Treatment of Advanced Non–Small-Cell Lung Cancer in Special Populations

September 1, 2004
Wade Smith, MD

,
Michael Fanucchi, MD

Oncology, ONCOLOGY Vol 18 No 11, Volume 18, Issue 11

Only a minority of elderly patientswith advanced non–small-cell lung cancer(NSCLC) have been offered palliativechemotherapy, as indicated by clinicalsurveys beginning in the 1980s.Lilenbaum’s thorough review of thetreatment of locally advanced and metastaticNSCLC studies in two specialpopulations (elderly and Eastern CooperativeOncology Group [ECOG]performance status [PS] 2 patients)highlights a new trend seen with theadvent of better-tolerated chemotherapyregimens.

Only a minority of elderly patientswith advanced non-small-cell lung cancer(NSCLC) have been offered palliativechemotherapy, as indicated by clinicalsurveys beginning in the 1980s.Lilenbaum's thorough review of thetreatment of locally advanced and metastaticNSCLC studies in two specialpopulations (elderly and Eastern CooperativeOncology Group [ECOG]performance status [PS] 2 patients)highlights a new trend seen with theadvent of better-tolerated chemotherapyregimens.Key Studies
For patients older than age 70 yearswith no major comorbidities, the authorrefers to US cooperative groupstudies to justify the use of a platinum-based doublet-as would be usedin the younger patient population.Alternatively, elderly patients withsevere comorbidities and a lowerperformance status could be treatedwith single-agent therapy, such as vinorelbine(Navelbine) or gemcitabine(Gemzar), as shown in Gridelli's ElderlyLung Cancer Vinorelbine ItalianStudy (ELVIS) that assessed for the first time the benefit of a newer chemotherapyagent in older patients.[1]Also of note, given that the majorityof elderly lung cancer patients presentwith unresectable disease, Schild andcolleagues discovered that fit elderlypatients with locally advancedNSCLC also enjoyed a survival advantagewhen treated with combinedmodalitytherapy.[2]Functional vs Chronologic Age
The decision to treat an elderlyNSCLC patient with palliative chemotherapywill depend more on thepatient's functional age than chronologicage. Lilenbaum recognizes thata favorable functional status portendsa good response to chemotherapy.Functional status is one of severalcomponents that comprise a comprehensivegeriatric assessment.[3] Othersinclude the patient's comorbidmedical conditions, cognition, psychologicalstatus, social functioningand support, medication history, andnutritional status.The "frail" older patient will likelypose the greatest challenge in choosinga palliative treatment course. Comprising10% to 25% of people overage 65, frail patients are described ashaving one or more of the followingcharacteristics: age over 85, seriouscomorbid medical conditions, dependencein activities of daily living, andat least one of the common geriatricsyndromes (delirium, dementia, urinaryor fecal incontinence, failure tothrive, a history of an osteoporoticfracture, or social neglect or abuse).[4]To date, there is no standard definitionof "frailty" that can be used foranticipating and preventing adversetreatment-related outcomes.For the individual elderly patient,the clinician should have a thorough discussion regarding the benefits andtoxicities of the proposed regimen, aswell as which, if any, second-linechemotherapy agents would be pursuedupon progression of disease.There is no evidence of improved survivalor quality of life associated withsecond- or third-line chemotherapy foradvanced NSCLC in this patientpopulation.For patients with impaired performancestatus, a phase III trial of erlotinib(Tarceva) as second-line therapyfor patients with non-small-cell lungcancer revealed an improved mediansurvival among ECOG PS 2 patientsreceiving erlotinib compared with placebo(4.3 vs 3.3 months).[5] Comparatively,PS 3 patients who receivederlotinib fared worse than those whoreceived a placebo (median survival:1.9 vs 3.1 months).Conclusions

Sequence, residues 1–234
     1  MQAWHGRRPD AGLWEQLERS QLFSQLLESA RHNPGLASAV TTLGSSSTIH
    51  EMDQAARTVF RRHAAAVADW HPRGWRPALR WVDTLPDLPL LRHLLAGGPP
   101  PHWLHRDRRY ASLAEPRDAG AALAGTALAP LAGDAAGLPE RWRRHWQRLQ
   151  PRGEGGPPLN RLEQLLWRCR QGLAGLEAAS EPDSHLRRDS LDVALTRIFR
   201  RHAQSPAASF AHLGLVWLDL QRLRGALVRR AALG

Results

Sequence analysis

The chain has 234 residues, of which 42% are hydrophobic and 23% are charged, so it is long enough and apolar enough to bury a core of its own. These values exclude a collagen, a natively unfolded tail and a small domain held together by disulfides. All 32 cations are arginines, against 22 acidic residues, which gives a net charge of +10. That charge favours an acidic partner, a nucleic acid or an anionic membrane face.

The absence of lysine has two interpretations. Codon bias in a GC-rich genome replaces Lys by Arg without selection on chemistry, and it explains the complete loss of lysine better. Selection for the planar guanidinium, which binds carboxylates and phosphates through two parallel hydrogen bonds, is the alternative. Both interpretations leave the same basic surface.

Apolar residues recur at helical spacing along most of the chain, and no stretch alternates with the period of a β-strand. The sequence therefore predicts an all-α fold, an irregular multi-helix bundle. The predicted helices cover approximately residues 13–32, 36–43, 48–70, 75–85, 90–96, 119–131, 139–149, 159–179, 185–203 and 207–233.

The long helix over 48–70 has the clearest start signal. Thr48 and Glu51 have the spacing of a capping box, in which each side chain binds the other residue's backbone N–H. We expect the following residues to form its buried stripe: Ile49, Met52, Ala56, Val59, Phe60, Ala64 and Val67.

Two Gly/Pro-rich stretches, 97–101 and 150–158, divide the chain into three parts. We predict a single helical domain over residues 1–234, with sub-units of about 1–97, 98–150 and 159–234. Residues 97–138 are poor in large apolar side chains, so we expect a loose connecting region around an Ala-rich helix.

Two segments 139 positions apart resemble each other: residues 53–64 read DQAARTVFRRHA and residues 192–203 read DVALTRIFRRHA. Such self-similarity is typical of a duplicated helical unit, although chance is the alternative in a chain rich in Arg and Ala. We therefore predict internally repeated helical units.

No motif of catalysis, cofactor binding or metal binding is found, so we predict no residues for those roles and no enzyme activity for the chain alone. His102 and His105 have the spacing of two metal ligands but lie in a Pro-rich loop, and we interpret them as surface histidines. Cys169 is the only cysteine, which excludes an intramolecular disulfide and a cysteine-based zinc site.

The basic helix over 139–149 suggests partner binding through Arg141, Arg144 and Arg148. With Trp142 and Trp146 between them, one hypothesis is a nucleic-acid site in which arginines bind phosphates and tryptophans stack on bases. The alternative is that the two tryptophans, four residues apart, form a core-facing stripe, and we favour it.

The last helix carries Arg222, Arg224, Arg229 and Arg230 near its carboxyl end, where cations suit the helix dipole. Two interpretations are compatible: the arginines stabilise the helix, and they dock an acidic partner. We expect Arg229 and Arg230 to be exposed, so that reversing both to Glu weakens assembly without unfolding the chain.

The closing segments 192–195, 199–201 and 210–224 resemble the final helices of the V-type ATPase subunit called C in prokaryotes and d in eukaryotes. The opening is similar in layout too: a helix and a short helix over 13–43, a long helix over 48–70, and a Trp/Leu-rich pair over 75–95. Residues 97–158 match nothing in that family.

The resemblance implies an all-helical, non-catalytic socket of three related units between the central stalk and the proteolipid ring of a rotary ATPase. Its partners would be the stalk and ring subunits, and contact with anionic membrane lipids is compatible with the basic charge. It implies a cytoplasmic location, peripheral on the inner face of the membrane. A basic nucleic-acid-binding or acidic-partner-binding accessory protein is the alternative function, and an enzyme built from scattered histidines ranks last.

With 60% of all cancers occurringamong individuals over age 65, andwith the percentage of people over 65surpassing 20% by 2003, future cooperativetrials should place greateremphasis on elderly cancer patients.Non-small-cell lung cancer patients,with their inherent predisposition towardpulmonary and cardiovascularcomorbidities, can be particularlyvulnerable to the side effects of bothdoublet and singlet chemotherapyregimens.When caring for the elderly patientwith NSCLC, open-ended communicationis essential. Compared with theiryounger counterparts, elderly patientsoften maintain different attitudes regardingillness, death, and dying.

Disclosures:

The authors have nosignificant financial interest or other relationshipwith the manufacturers of any products orproviders of any service mentioned in thisarticle.

References:

1.

The Elderly Lung Cancer Vinorelbine ItalianStudy Group: Effect of vinorelbine on qualityof life and survival of elderly patients withadvanced non-small cell lung cancer. J NatlCancer Inst 91:66-72, 1999.

2.

Schild SE, Stella PJ, Geyer SM, et al: Theoutcome of combined-modality therapy forstage III non-small cell lung cancer in the elderly.J Clin Oncol 21:3201-3206, 2003.

3.

Repetto L, Comandini D: Cancer in theelderly: Assessing patients for fitness. Crit RevOncol Hematol 35:155-160, 2000.

4.

Balducci L, Stanta G: Cancer in the frailpatient: A coming epidemic. Hematol OncolClin North Am 14:235-250, 2000.

5.

Shepherd FA, Pereira J, Ciuleanu TE, etal: A randomized placebo-controlled trial oferlotinib in patients with advanced non-smalllung cancer (NSCLC) following failure of 1stline or 2nd line chemotherapy. A National CancerInstitute of Canada Clinical Trials Group(NCIC CTG) trial (abstract 7022). Proceedingsand abstracts of the 2004 Annual Meeting ofthe American Society of Clinical OncologyAvailable at www.asco.org. Accessed 8/3/04.